“Collingwood School is one of Canada’s most dynamic and progressive educational environments. Founded in 1984, Collingwood is a co-educational school with 1,200 students from Junior Kindergarten through Grade 12, situated on two campuses in West Vancouver. As a member of The Round Square Conference of Schools, we are allies with schools worldwide who share a commitment, beyond academic excellence, to developing well-rounded, responsible citizens through service, challenge and international understanding.”
This blog was created to help us and to help you. You could be a student, parent or educator. We launched the iPad as a primary device with our grade 8 & 9 Key students in September of this year. Previously we had a class set of iPads but we struggled in maximizing their full potential. Why? The iPads were not being used as an individual, primary device. The iPads couldn’t be shared but needed to be owned by the individual student. Once theirs, they could work in, save, share, email, and publish their work!
A lot has been accomplished in a very short period of time. Although it has been fun to incorporate the iPad into their academic program, the students and us, have had to work extremely hard. We run into problems, most small but a few big, on a regular basis.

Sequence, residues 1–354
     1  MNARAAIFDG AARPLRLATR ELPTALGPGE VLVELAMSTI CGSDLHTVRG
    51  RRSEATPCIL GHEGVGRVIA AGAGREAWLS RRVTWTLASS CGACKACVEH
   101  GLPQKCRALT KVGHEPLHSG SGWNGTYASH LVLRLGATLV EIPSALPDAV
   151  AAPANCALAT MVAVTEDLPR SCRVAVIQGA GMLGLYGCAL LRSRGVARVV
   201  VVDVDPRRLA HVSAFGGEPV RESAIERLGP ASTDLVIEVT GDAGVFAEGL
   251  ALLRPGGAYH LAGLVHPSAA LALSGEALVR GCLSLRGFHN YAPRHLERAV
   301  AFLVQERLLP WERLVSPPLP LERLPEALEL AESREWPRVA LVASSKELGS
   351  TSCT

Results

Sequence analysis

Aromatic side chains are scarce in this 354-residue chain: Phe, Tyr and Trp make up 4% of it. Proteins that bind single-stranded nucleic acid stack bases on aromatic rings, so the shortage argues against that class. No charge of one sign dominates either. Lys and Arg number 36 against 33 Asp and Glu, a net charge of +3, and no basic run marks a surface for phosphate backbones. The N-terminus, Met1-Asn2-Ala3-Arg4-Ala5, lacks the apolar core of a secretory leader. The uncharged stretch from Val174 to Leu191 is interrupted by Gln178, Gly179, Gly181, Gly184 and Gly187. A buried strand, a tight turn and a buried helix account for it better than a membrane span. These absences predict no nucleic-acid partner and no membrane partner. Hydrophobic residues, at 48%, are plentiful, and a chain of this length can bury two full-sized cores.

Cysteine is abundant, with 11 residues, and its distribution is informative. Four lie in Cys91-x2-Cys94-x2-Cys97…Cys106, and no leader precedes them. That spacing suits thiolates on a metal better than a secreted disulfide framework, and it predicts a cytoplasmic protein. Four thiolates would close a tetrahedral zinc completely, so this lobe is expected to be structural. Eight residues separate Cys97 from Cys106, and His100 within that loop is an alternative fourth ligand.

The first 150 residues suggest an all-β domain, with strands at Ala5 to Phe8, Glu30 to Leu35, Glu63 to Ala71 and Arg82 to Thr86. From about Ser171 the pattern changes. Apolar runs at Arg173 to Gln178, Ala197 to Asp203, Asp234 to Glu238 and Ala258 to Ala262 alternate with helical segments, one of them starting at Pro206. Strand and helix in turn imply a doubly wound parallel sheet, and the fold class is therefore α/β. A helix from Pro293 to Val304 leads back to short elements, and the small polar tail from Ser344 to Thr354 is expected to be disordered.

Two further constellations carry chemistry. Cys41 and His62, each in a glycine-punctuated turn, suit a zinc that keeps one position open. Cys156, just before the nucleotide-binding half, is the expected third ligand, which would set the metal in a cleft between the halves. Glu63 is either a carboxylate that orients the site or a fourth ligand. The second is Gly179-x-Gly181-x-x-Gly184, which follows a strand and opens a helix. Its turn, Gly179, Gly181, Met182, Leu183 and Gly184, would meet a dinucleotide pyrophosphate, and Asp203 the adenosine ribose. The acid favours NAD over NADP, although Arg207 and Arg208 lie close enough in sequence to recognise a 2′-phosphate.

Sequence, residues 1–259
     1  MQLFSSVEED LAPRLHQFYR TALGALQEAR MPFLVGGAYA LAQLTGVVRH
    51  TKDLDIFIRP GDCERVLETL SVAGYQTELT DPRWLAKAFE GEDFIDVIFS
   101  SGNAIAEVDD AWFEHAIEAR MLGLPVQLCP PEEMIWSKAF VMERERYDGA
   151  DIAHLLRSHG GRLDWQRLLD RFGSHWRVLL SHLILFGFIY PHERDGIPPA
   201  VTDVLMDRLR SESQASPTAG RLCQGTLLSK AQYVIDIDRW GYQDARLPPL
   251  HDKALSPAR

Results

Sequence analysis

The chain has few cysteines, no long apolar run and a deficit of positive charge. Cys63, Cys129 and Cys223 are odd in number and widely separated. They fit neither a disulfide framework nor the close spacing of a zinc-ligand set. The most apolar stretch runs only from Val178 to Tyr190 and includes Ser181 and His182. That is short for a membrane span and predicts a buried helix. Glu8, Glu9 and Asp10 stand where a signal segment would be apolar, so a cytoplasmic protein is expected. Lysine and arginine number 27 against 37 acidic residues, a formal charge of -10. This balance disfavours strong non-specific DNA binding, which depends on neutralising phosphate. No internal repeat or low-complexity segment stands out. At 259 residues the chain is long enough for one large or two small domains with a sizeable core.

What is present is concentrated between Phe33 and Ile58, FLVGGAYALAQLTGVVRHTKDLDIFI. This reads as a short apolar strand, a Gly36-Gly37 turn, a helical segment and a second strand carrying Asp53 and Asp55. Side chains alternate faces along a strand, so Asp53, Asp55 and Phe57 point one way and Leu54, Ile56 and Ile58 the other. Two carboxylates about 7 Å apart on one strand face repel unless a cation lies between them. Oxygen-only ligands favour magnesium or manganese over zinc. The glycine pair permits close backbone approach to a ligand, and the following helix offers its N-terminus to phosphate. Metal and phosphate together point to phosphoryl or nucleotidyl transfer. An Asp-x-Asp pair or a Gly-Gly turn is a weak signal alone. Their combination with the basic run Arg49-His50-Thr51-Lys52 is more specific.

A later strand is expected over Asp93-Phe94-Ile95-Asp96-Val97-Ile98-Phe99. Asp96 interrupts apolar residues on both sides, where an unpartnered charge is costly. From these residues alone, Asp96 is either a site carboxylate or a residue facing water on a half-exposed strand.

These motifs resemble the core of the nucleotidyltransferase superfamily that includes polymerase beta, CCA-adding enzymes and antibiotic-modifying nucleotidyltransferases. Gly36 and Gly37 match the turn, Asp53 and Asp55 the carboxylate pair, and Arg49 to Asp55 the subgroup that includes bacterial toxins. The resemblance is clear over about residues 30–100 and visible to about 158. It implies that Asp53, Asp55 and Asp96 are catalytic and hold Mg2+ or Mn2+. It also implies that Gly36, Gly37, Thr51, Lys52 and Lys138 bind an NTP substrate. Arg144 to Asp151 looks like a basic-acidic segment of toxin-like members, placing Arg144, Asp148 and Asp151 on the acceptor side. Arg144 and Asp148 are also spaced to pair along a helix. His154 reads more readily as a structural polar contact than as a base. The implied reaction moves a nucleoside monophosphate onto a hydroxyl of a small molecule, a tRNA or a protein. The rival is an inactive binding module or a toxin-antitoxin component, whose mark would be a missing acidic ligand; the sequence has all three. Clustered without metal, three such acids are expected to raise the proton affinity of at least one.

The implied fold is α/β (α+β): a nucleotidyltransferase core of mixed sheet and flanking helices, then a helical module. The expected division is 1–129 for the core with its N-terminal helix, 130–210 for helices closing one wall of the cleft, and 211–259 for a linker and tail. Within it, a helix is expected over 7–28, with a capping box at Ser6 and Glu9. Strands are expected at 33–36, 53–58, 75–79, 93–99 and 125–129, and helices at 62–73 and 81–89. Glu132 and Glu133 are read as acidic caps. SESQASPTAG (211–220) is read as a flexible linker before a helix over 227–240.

The Key program at Collingwood http://www.collingwood.org/page.cfm?p=1769 is for students who would do very well in a mainstream, regular classroom, except for the fact they learn differently. In Key we do the exact same curriculum as the mainstream students but we differ in how the information is taught and how knowledge and comprehension is assessed. In their previous academic environment, our students should have been doing well, but for some reason they weren’t. Key identifies the “why”. There are reasons why students are struggling, and it’s not their fault AND we can work around it.
iPads are ideal for our students because they are multi-sensory, personal, visual, and just fun! We find that the iPad levels the playing field for our students. They can use them regularly to enhance their learning so they don’t struggle as often with acquiring new information, working with the information, and ‘showing what they know’.